3. Muehlemann, Samuel & Pfeifer, Harald & Wittek, Bernhard, 2020. "The effect of business cycle expectations on the German apprenticeship market: Estimating the impact of Covid-19," ROA Research Memorandum 008, Maastricht University, Research Centre for Education and the Labour Market (ROA).

    More about this item

    Keywords

    apprenticeship training; VET; education; business cycle; error correction model;

    JEL classification:

    • E24 - Macroeconomics and Monetary Economics - - Consumption, Saving, Production, Employment, and Investment - - - Employment; Unemployment; Wages; Intergenerational Income Distribution; Aggregate Human Capital; Aggregate Labor Productivity
    • E32 - Macroeconomics and Monetary Economics - - Prices, Business Fluctuations, and Cycles - - - Business Fluctuations; Cycles
    • I21 - Health, Education, and Welfare - - Education - - - Analysis of Education
    • J18 - Labor and Demographic Economics - - Demographic Economics - - - Public Policy
    • J44 - Labor and Demographic Economics - - Particular Labor Markets - - - Professional Labor Markets and Occupations

    NEP fields

    This paper has been announced in the following NEP Reports:

    Statistics

    Access and download statistics

    Corrections

    All material on this site has been provided by the respective publishers and authors. You can help correct errors and omissions. When requesting a correction, please mention this item's handle: RePEc:iza:izadps:dp11374. See general information about how to correct material in RePEc.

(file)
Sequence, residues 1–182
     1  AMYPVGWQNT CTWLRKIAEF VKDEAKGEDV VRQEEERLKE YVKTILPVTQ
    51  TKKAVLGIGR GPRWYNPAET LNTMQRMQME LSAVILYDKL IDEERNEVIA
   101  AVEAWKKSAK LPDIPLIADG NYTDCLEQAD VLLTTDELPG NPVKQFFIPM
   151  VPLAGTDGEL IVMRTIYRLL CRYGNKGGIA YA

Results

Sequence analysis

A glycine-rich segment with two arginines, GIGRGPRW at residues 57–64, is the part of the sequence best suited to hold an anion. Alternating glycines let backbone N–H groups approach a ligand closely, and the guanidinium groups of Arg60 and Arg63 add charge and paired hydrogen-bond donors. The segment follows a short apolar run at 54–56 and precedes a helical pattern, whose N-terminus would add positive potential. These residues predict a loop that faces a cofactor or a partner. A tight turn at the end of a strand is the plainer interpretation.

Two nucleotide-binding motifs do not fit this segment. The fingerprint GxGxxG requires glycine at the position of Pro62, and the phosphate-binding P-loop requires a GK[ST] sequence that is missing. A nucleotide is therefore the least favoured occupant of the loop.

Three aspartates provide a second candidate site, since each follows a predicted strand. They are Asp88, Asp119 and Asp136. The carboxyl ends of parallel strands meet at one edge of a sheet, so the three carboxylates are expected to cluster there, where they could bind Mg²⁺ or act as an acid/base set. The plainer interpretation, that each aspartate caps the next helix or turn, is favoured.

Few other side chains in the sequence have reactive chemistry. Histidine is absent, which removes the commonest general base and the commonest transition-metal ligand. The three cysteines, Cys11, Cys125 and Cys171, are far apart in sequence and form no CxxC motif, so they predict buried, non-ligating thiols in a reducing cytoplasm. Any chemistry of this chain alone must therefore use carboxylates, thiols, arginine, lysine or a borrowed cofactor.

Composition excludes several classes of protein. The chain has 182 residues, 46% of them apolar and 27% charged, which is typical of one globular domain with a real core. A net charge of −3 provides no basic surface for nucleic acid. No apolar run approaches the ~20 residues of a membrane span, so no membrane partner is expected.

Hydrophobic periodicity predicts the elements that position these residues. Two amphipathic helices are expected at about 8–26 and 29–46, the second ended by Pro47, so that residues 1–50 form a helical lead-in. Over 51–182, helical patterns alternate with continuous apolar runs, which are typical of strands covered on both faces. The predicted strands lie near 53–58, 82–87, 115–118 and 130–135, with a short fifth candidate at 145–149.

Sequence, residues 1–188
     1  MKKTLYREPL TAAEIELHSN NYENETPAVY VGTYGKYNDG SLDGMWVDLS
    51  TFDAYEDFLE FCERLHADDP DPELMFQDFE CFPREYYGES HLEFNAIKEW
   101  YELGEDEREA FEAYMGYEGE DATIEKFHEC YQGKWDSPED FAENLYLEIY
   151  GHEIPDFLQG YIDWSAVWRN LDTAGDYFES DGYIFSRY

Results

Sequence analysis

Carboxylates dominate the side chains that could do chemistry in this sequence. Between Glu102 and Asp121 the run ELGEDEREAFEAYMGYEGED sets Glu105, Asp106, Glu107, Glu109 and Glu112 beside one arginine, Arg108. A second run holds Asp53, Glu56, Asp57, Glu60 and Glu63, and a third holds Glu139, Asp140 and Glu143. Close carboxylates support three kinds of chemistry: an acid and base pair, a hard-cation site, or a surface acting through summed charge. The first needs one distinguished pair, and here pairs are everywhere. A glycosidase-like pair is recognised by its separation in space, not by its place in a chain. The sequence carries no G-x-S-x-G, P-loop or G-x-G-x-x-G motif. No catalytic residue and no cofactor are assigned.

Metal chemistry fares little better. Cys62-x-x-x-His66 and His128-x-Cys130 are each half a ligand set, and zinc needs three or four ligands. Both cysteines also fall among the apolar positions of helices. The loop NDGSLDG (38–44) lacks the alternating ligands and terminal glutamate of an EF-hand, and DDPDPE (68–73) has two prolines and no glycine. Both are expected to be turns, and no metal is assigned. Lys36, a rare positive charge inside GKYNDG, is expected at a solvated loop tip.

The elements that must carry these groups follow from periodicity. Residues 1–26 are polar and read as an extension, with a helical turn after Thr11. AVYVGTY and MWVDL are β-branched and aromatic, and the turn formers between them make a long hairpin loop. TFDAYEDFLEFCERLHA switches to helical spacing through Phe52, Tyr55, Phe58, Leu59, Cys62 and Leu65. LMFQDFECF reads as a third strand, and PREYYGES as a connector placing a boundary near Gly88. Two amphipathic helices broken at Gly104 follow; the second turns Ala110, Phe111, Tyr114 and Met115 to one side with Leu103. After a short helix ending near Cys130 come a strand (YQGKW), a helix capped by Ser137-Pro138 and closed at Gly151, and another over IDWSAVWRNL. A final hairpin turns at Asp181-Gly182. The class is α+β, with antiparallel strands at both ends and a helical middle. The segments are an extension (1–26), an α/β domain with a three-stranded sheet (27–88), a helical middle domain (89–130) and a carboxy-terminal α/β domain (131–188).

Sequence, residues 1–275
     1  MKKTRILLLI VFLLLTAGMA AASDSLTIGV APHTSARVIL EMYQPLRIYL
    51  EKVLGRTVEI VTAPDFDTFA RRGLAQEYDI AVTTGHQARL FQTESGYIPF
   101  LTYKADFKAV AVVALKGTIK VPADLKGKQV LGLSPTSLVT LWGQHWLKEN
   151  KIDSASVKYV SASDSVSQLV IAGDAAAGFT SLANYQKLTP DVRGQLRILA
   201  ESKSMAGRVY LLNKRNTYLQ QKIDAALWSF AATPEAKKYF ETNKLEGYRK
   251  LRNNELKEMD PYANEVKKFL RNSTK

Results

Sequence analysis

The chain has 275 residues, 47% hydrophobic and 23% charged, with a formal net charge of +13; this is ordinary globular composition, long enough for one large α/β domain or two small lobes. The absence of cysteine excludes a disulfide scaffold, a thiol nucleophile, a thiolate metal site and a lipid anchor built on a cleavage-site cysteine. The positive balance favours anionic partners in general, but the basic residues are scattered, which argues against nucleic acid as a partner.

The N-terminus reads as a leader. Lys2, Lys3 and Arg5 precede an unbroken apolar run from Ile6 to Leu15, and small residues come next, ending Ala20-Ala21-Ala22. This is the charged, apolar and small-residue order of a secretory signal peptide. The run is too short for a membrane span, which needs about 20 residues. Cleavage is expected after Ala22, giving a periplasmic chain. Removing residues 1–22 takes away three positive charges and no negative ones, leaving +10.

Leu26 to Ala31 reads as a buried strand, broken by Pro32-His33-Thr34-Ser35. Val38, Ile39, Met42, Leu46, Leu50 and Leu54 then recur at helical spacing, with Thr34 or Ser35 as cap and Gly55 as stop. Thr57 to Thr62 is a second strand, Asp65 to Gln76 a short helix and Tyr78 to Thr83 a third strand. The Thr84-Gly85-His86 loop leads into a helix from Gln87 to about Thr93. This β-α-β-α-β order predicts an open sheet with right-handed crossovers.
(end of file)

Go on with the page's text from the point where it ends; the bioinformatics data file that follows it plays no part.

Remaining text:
For technical questions regarding this item, or to correct its authors, title, abstract, bibliographic or download information, contact: (Holger Hinte). General contact details of provider: http://www.iza.org .

    If you have authored this item and are not yet registered with RePEc, we encourage you to do it here. This allows to link your profile to this item. It also allows you to accept potential citations to this item that we are uncertain about.

    If CitEc recognized a reference but did not link an item in RePEc to it, you can help with this form .

    If you know of missing items citing this one, you can help us creating those links by adding the relevant references in the same way as above, for each refering item. If you are a registered author of this item, you may also want to check the "citations" tab in your RePEc Author Service profile, as there may be some citations waiting for confirmation.

    Please note that corrections may take a couple of weeks to filter through the various RePEc services.

    IDEAS is a RePEc service hosted by the Research Division of the Federal Reserve Bank of St. Louis . RePEc uses bibliographic data supplied by the respective publishers.